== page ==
Cover Story

30 years' war

"30 years' war" Continued...

Issue: "30 years of destruction," Jan. 18, 2003

"It eats away at people once they start thinking about it. They cannot come to terms with giving a death sentence to an unborn child.... Some people come in with outright contempt for us but walk away saying, 'I agree with 90 percent of what you had to say.'"

The numbers back up Ms. Foster's observations. Among college freshmen-a notoriously liberal lot-approval of abortion has dipped 10 percentage points in the past decade, even as the teen abortion rate itself plummeted nearly 40 percent. And college freshmen aren't alone: A Zogby Poll released in December found that 32 percent of Americans have changed their minds about abortion in the past decade, with 21 percent saying they viewed abortion more negatively, while only 11 percent viewed it more positively. More than two-thirds of Americans now say they would strongly urge a woman not to seek an abortion.

Increasingly, pro-life activists are focusing on the needs of the mother as well as the rights of the child. Patricia Heaton, the Emmy-winning co-star of the hit CBS sitcom Everybody Loves Raymond, serves as honorary chair of Feminists for Life. Her message on the organization's webpage is typical of the new approach. Under the headline "Refuse to choose," a glamorous-looking Ms. Heaton appears with this quotation: "Every 36 seconds in America a woman lays her body down, forced to choose abortion out of a lack of practical resources and emotional support. Abortion is a reflection that society has failed women."

Women Deserve Better, a new marketing campaign launched by six national pro-life groups, takes a similar tack, stressing that "Abortion is a reflection that we have not met the needs of women. This campaign is dedicated to promoting women-centered solutions to significantly reduce abortion and protect women's health."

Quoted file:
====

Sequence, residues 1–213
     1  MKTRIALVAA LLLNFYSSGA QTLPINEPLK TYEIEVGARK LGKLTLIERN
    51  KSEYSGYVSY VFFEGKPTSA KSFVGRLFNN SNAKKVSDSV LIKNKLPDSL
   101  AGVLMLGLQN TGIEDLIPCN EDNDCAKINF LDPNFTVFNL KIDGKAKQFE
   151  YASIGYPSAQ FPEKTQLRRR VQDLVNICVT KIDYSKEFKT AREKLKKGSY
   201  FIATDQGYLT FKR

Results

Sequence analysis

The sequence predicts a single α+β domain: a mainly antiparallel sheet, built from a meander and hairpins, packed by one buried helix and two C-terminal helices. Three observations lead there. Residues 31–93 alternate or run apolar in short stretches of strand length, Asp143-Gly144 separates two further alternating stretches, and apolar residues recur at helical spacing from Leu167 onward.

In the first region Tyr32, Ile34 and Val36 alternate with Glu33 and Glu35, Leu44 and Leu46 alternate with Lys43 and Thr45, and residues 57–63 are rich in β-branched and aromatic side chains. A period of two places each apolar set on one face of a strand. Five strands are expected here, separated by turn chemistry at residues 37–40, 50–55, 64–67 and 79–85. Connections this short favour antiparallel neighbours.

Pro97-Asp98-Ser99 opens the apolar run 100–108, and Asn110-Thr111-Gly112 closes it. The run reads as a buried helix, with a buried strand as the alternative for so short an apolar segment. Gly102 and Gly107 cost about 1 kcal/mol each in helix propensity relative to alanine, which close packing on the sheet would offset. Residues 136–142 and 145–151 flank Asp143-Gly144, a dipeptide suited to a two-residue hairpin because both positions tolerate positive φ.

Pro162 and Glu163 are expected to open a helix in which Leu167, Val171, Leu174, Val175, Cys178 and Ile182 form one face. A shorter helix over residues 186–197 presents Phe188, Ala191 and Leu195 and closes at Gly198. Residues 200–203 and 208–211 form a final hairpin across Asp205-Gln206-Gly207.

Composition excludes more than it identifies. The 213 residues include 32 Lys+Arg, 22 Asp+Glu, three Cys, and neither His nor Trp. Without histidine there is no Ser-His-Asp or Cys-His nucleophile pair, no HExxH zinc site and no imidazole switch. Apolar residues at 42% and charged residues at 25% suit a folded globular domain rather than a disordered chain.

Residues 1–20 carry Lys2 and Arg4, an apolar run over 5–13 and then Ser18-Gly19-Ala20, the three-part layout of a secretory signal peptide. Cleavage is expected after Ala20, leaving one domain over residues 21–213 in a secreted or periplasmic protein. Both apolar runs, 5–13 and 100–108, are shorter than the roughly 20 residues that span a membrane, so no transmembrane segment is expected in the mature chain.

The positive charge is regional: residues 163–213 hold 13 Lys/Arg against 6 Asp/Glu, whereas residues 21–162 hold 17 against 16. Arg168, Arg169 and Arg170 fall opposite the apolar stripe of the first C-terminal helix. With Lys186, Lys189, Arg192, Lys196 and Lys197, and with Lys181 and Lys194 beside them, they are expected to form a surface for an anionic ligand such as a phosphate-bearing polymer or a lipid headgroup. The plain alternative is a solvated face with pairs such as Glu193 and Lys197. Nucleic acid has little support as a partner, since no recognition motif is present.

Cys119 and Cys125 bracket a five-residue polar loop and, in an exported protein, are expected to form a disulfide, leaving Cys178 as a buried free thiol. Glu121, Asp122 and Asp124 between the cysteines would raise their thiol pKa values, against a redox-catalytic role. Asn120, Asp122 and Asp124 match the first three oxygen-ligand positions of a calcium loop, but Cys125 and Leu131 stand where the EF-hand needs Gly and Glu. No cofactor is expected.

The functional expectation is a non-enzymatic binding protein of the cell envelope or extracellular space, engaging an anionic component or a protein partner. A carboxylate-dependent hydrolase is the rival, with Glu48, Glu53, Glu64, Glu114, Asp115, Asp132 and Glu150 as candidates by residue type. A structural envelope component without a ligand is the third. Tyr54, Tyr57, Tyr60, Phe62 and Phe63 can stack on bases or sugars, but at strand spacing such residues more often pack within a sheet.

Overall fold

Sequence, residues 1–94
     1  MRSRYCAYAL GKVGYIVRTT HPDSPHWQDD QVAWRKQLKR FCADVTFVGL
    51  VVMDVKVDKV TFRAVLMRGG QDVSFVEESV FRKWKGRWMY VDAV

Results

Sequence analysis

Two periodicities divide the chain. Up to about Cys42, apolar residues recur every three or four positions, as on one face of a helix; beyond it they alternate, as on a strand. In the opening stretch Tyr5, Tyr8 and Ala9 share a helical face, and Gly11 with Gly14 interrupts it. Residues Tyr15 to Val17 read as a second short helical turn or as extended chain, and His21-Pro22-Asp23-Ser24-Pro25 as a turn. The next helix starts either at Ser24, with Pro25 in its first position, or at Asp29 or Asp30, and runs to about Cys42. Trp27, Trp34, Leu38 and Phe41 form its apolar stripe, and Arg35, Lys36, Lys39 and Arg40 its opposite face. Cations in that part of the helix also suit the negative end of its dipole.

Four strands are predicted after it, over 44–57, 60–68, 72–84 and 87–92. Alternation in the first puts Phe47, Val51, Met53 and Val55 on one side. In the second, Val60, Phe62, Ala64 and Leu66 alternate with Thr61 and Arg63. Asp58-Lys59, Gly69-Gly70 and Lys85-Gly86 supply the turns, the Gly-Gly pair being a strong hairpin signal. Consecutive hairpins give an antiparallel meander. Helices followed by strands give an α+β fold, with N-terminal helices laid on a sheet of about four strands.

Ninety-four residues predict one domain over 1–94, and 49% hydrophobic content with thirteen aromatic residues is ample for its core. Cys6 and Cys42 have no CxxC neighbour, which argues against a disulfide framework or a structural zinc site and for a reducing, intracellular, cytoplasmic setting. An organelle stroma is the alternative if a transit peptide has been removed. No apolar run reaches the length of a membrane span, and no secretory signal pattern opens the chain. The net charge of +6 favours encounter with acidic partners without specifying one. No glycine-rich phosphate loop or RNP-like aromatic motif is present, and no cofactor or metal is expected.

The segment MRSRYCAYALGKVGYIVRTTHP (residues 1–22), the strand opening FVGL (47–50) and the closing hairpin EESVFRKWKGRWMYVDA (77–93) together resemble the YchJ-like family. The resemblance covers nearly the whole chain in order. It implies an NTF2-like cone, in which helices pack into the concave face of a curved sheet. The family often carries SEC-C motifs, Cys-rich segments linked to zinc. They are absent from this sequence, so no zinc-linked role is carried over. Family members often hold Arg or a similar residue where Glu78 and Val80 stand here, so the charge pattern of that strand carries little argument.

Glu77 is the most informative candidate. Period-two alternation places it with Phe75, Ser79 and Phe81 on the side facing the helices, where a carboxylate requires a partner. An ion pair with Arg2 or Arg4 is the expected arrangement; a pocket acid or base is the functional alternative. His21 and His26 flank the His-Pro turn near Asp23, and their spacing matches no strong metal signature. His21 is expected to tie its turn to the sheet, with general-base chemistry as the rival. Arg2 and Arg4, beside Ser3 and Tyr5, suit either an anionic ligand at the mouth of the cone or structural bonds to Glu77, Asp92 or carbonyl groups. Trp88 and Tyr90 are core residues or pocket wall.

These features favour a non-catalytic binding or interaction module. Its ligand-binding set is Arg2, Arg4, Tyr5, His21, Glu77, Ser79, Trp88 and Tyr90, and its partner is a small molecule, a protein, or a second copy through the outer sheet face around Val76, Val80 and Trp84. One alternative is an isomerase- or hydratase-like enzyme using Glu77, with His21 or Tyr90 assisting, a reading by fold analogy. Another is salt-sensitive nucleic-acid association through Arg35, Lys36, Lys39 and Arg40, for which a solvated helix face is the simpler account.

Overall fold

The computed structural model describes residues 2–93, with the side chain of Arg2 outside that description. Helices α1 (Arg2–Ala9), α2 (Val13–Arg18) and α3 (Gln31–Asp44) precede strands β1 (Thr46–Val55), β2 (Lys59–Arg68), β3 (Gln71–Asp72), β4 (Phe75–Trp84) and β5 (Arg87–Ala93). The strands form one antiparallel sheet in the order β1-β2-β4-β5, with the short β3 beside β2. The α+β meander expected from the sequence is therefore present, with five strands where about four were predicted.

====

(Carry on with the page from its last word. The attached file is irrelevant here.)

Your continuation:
While "health of the mother" has long been a pro-choice escape hatch from protective abortion laws, pro-lifers are now using the issue to hammer back at their opponents. Armed with studies showing a host of abortion-related health risks, from breast cancer to sterility, pro-life educators are undermining the image of a post-Roe utopia in which abortion is "safe and legal."

Teenage girls, too, are getting the message that abortion is a much riskier procedure than, say, plucking their eyebrows. Thanks to abstinence programs like Sex Respect and Wonderful Days, more teens are learning about the dangers of abortion and the wonders of life within the womb.

And for those who don't get that message in time, the pro-life movement has learned some lessons of its own. As the Operation Rescue model has largely fallen by the wayside, activists are choosing compassion over confrontation. As they have for decades, perhaps 3,000 crisis pregnancy centers across the country continue to offer expectant mothers services ranging from professional counseling to baby formula.

The volunteer counselors at these centers were compassionate conservatives before compassionate conservatism was cool. Many of the larger centers now have ultrasound machines so that pregnant women and boyfriends can see pictures of not just any unborn child but of their child. Some are now reemphasizing a long-neglected alternative: adoption. And many also offer counseling to post-abortive women experiencing guilt over the choice they made. This kind of support at a time of extreme vulnerability may be one of the most important techniques of all, since nearly half of all women entering abortion clinics are "repeat customers."

"We all know anger doesn't change a heart," says Jenny Dixon, vice president of Care Net, a national association of nearly 700 pregnancy centers. "But compassion does. We meet each woman at the point of her need and lend a helping hand. That's riveting to a girl who walks in off the street.... Fighting the battle on the political front is important, but when you're dealing with people who are hurting and afraid, you have a chance to make a real difference."

According to Care Net's statistics, 44,165 women walked into their facilities considering an abortion last year-but opted to give birth instead. The change represents only a small fraction of abortion deaths each year, but activists insist that progress will continue until Roe itself is swept away, just another relic of the '70s like The Waltons and the 8-cent postage stamp.


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